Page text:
This article originally appeared in CompTIA World magazine. Read the fall 2018 issue online.
Christina Sereday didn’t always envision working in IT, but she’s always been a problem solver. She’s now an implementation manager at DHL and despite not having a background specifically in IT, she says a knack for problem solving has helped her grow into a position where she helps define requirements for newly developed tech tools and applications.
“That’s what computer programming and development are all about, looking at how to break down a problem and solve it, and how to replicate a real-world scenario inside of a system,” Sereday said. “If you have a problem-solving mindset, then you have a good chance to do well in some realm of the technology world.”
Sereday had a computer from a young age and always liked engaging with technology, but she never thought about technology as a career while growing up. It was something fun she could use to write a newsletter or play music. She thought one day she might be an accountant or a biologist.
Her perspective on IT changed during her military service. She belonged to a communications battalion and learned a lot about electronics from working with her peers on satellites and radios. This experience provided unique insight into various ways in which technologies can be applied.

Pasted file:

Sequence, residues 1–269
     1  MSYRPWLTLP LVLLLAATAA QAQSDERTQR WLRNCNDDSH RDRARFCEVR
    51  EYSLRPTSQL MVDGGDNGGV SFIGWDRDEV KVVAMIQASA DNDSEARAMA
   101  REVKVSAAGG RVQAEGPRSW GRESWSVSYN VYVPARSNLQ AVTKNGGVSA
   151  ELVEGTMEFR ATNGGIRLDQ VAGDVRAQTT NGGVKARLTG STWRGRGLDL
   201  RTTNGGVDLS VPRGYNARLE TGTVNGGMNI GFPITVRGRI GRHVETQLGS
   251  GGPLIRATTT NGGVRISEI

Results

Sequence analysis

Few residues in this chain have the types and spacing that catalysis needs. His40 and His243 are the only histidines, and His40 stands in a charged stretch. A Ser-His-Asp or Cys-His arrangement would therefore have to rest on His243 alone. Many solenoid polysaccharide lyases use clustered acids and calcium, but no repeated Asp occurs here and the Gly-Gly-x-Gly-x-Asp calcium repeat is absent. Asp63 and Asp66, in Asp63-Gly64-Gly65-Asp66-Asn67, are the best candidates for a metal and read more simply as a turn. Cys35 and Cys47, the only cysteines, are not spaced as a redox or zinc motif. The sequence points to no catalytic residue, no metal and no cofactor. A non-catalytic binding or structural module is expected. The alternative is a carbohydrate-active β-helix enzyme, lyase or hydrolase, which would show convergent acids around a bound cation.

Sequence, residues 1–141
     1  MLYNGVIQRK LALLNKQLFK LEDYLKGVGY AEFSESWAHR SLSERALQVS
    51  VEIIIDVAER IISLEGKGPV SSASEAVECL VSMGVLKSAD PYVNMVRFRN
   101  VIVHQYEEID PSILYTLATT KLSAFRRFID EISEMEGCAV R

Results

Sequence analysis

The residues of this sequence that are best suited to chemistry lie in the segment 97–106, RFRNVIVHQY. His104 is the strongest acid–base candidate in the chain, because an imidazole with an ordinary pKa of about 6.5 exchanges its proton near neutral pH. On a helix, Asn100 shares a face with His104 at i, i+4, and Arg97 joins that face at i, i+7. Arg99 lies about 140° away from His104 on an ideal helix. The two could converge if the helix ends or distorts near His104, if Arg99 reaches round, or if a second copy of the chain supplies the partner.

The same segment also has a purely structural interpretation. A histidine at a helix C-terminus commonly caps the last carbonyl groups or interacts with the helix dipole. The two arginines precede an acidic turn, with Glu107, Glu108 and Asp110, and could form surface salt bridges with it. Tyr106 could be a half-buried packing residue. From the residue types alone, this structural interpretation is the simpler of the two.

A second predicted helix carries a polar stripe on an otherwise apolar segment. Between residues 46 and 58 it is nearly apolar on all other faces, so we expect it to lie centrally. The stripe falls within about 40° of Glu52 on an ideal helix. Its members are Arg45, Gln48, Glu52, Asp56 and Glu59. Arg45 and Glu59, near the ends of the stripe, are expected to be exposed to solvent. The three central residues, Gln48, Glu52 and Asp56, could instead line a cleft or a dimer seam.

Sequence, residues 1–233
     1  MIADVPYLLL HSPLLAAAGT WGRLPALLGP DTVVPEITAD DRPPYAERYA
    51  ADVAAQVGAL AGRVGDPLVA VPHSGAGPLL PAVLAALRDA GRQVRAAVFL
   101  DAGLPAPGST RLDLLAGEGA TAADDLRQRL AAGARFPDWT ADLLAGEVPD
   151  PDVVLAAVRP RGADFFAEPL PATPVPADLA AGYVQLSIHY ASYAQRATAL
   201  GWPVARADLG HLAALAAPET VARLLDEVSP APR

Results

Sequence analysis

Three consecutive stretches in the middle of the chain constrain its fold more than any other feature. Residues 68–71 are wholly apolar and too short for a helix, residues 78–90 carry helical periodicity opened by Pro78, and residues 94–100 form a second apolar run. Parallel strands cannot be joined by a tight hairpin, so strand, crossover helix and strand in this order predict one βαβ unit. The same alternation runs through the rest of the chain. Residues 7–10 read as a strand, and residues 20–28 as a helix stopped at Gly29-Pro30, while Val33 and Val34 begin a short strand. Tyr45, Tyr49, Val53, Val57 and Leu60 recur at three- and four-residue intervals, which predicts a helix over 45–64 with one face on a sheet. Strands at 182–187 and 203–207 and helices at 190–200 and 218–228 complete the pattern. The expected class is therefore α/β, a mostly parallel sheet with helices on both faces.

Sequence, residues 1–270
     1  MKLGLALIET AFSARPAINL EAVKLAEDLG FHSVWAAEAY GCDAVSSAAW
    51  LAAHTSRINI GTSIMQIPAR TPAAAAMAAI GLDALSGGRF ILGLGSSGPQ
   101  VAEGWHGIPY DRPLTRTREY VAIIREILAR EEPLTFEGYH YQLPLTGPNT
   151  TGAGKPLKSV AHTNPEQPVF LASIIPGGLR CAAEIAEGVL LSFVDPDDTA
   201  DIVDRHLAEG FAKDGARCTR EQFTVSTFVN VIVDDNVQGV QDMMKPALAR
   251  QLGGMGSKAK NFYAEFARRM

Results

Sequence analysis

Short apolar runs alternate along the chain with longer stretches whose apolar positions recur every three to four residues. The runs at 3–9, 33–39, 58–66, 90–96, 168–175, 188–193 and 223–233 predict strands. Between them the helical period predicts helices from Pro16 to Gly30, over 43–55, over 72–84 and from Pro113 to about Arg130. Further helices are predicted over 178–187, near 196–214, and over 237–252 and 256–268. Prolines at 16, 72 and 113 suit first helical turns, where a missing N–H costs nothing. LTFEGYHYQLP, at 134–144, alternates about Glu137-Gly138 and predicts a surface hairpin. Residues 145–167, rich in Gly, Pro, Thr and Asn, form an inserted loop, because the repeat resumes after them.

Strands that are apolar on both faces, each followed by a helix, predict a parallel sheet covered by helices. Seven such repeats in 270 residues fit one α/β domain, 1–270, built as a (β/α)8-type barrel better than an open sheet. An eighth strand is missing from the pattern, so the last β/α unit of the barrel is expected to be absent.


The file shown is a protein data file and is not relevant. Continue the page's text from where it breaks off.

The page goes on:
Now that technology is a key part of her job, she says problem solving is what she likes most about working in IT. “I like that you get to solve complex problems and make an impact where the outcome is something tangible and can improve someone’s life.”
Sereday is also a member of CompTIA AITP Pittsburgh and was recently appointed as the chapter’s treasurer. She says joining the chapter has helped her keep up with the latest trends in tech through presentations on topics such as artificial intelligence, blockchain and IoT, as well as network with professionals from companies like Google, Microsoft and IBM.
Pittsburgh’s tech sector is flourishing with new job opportunities, and Sereday knows there are other individuals in the region like her who don’t necessarily have IT experience but could have a career waiting for them in the tech industry. “I don’t think I’m an anomaly."